Luke Schneider (Presenter)
Target Discovery, Inc./ Veritomyx, Inc.
Bio: Dr. Schneider is the founder and Chief Scientific Officer of Target Discovery, Inc. Target Discovery is a diagnostics company developing assays based on protein isoforms for oncology. Dr. Schneider is co-inventor of the Mass Defect Tagging proteomics method, the EOtrol line of dynamic coatings for capillary electrophoresis, and the TD buffer system (sold through Pressure Biosciences, Inc.) that support intact membrane protein recovery from tissue samples in a format suitable to immunoaffinity enrichment/mass spectrometry and ELISA. Veritomyx, Inc. (a subsidiary of Target Discovery) is commercializing software to support statistical analysis of mass spectrometric data. Dr. Schneider has been in diagnostics for more than 30 years previously serving as the Upconverting Phosphor Diagnostics Center Director at SRI International.
Authorship: Luke V. Schneider(1), Nandhini Sokkalingam(1), David A. Herold(2), Jane Y. Yang(2)
(1) Target Discovery, Inc., Palo Alto, CA, (2) University of California, San Diego, CA
Isotopic Vector Angle (IVA) analysis is a new approach to statistically detect and quantitatively deconvolve nearly complete overlapping isotopic patterns within one spectrum. This method is based on the computational representation of isotopic abundance patterns as vectors and comparison between patterns via calculation of vector angles. In this paper, IVA analysis statistically detects and deconvolves chromatographically unresolved hemoglobin variants with a mass difference of less than 4 mass units from normal hemoglobin beta chain.
There are over 1200 reported hemoglobin (Hgb) variants, a majority of which are SNPs (single nucleotide polymorphisms) that manifest in a single amino acid substitution. Current techniques used to detect these variants, such as ion exchange HPLC and capillary electrophoresis (CE) are limited to identifying the variant hemoglobin based on reference data for retention times, migration zones, and relative concentration. In these cases, HPLC-MS to determine the mass of the Hgb variant can assist in identification. However, if normal and variant Hgb chains are chromatographically unresolved and the mass shift is < 6 mass units, even HPLC-MS is of limited utility to determine the identity of the variant. Herein, we present a new method Isotopic Vector Angle (IVA) analysis to statistically identify and quantify Hgb variants that have a nearly complete mass overlap with normal Hgb from one mass spectrum.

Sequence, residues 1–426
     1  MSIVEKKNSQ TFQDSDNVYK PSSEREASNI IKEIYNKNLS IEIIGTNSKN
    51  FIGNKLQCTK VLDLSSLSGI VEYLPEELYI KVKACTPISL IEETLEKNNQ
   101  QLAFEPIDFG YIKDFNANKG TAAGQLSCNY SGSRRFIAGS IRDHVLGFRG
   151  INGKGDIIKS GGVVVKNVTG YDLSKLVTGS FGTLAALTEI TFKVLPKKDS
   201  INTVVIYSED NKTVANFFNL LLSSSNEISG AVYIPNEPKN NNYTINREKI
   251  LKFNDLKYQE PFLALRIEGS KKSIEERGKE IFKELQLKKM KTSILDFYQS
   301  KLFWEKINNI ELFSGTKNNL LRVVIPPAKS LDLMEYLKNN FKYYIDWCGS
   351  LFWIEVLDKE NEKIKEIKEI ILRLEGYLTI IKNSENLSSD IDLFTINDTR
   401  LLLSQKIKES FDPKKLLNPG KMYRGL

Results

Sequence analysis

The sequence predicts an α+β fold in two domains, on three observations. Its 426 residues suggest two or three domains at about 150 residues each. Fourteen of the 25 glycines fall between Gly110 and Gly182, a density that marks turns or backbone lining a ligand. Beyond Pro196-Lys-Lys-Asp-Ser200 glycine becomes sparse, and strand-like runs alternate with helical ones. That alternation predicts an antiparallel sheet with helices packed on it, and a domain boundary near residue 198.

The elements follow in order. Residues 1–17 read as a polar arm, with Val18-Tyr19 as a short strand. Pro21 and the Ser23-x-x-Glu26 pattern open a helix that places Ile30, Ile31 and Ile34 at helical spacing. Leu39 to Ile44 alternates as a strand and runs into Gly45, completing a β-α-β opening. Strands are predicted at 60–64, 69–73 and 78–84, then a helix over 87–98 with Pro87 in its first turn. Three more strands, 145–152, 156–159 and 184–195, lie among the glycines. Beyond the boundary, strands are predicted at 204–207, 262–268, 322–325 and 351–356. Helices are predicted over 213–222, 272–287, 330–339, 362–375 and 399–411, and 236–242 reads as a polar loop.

The LC/MS dataset used for this study includes seven patients, six with hemoglobinopathies confirmed by cation exchange HPLC, CE, and LC-MS. Three spectra came from one patient with normal Hgb beta chain (15,867 Da). The other six patients exhibited Hgb variants in the beta chain along with normal. In one of the patients (T), the variant co-eluted with the normal Hgb and was unresolved based on mass. Isotopic relative abundance vectors were constructed from the 18+ and 19+ charge states of hormal and variant Hgb beta chains by averaging the abundances of 11 consecutive scans. The resulting isotopic abundance vectors were compared to each other by calculating the vector angle between them. The 95% confidence limits of each isotopic abundance vectors were also determined and translated into isotopic vector angle confidence limits so that standard statistical methods could be applied to the resulting isotopic vector angles.
All the patient samples exhibited the same Isotopic Vector Angles within 95% confidence, except patient T. The IVA for the Hgb beta chain (at 6.3 min) for patient T was found to be statistically higher than zero (a perfect match) with a p-score < 0.001 (Student’s t-test, 1-tailed). For validation of the method we used the normal (wild type) Hgb alpha chain peaks at the 8 min elution time, none of these Hgb alpha chain samples were statistically differentiated from the standard vector at this position. Assuming that the Hgb beta chain variant differed by only a single amino acid substitution, we represented its isotopic abundance vector by the that of the normal Hgb beta chain, only zero charge mass shifted by -4 to +2 Da. It was then possible to solve for the optimal linear combination of isotopic vectors that best matched the measured isotopic Hgb beta pattern of patient (T) by minimization of the isotopic vector angle for different mass shifts of the two vectors. The best match occurring at a -1 Da mass shift (corresponding to a 59% variant composition and the variant most likely being K>E, I>N, Q>E, or N>E based on mass differences of amino acid substitutions allowed by SNPs.
Conclusions & Discussion
This study shows that IVA analysis can be used to detect even subtle changes in a mass spectrometric isotopic pattern from an expected pattern and can do this with statistical confidence. Where the isotopic patterns of two (or more) species overlap, this study shows that it is possible to quantitatively deconvolve the relative contributions of these overlapped species using isotopic vector angle analysis. The uncertainty in the measured isotopic pattern can also be used to estimate the confidence intervals for both detection and deconvolved abundances.
References & Acknowledgements:
1. Schneider, L.V., “Isotopic Vector Angle Analysis”: see this white paper, DOI: 10.13140/RG.2.2.31392.69120.
2. Schneider, L.V., N. Sokkalingam, D.A. Herold, J.Y. Yang, "Isotopic Vector Angle Analysis to Identify Protein Isoforms in Mass Spectrometry", poster presented at Intl HUPO conference, Sep 17-20, Dublin, Ireland.
|Salary||yes||Target Discovery, Inc.|
|Board Member||yes||Target Discovery, Inc. and Aromyx, Inc.|
|Stock||yes||Target Discovery, Inc. and Aromyx, Inc.|
IP Royalty: no
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